Friday, July 5, 2013

Houdini's Vansihing Elephant CYLINDER

I love magic history. You can get lost in research and find little nuggets of information. Recently I found this intriguing article on Houdini and his vanishing elephant. It was from the New York Tribune, January 6, 1918. The reporter wrote something that caught my eye. He wrote "Houdini has constructed a gigantic cylinder shaped container of such dimensions that the largest elephant obtainable can enter with ease. It walks through this tube and vanishes." A tube? I always thought the elephant went into a large BOX.

Here is the text of the article in its entirety.

Houdini Has New Elephant Trick

To-morrow at the Hippodrome one may see a full sized, real, live elephant disappear in full view of the audience on a brilliantly lighted stage, before one's very eyes. This vanishing elephant illusion is an experiment conceived and perfected by Houdini, world renowned expert in extracation, whom Charles Dillingham has selected as a feature extraordinary of "Cheer Up! The engagement of Houdini is keeping with Mr. Dillingham's policy of introducing important new features in his big Hippodrome spectacles after the holidays.

The disappearing elephant feat is is one which Houdini began experimenting upon during his visit to India four years ago, for it has long been the dream of the Indian fakirs to realize the reputation given to Chaucer hundreds of years ago, when he wrote that he had seen "an elephant crumble to the earth in piecemeal and then reassemble itself and walk away." Houdini's illusion, which can no doubt be classified as the "biggest" ever attempted on any stage, while it does not crumble the huge beast weighing over 6,000 pounds, it does actually vanish the elephant on the stage in full glare of the light, without the use of traps, as the tank of water under the Hippodrome apron prevents any such camouflage. Houdini has constructed a gigantic cylinder shaped container of such dimensions that the largest elephant obtainable can enter with ease. It walks through this tube and vanishes.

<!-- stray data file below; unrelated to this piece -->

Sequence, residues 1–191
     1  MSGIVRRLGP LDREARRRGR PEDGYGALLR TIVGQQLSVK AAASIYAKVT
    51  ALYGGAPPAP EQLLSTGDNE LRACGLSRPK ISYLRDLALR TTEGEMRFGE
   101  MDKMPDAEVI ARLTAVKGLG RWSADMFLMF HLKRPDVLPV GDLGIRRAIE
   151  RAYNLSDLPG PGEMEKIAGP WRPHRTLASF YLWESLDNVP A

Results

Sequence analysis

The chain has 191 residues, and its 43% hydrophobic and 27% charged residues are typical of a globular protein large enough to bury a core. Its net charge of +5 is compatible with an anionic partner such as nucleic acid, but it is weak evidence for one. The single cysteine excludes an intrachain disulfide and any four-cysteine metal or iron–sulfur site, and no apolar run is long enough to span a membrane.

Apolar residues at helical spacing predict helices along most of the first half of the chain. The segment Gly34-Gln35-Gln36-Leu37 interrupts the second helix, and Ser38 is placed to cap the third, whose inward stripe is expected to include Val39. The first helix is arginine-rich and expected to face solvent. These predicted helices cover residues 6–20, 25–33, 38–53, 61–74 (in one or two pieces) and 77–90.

A second new experiment which Mr. Dillingham will introduce next Monday will be in the final scene of "Cheer Up!" in the aquatic spectacle where Houdini will present his Submersible Mystery. In this daring exhibition he is manacled and leg-tied and imprisoned in a heavily weighted iron bound box, which is lowered into the tank of water. While submerged Houdini accomplishes his escape and comes to the surface unfettered. Now, to prove that he is actually inside the box when it is thrown overboard and that he really takes a risk and dares death in the problem of escaping he will invite members of the audience to nail up the box at every performance. He has further obligated himself to the management to forfeit the sum of $1,000 to anyone who can prove he is assisted to escape or that it is possible to breathe, or that he obtains air when he is once submerged. The submerged box being filled with holes, is completely filled with water, the audience seeing it all the time, no curtain to obscure the sinking or hide it from view.

Where did this reporter get this information? He said "tomorrow," so this was written before he saw Houdini perform. Is this how Houdini described the trick to him? We will never know. All I know is that "Cheer Up!" must have been an unforgettable show - the vanishing elephant and the Submersible Mystery.

I imagined what Houdini's elephant "cylinder" might look like stage might look and created this photo.

I would love to hear from any of you that have heard this story of the elephant vanishing in a gigantic cylinder. Cheers!

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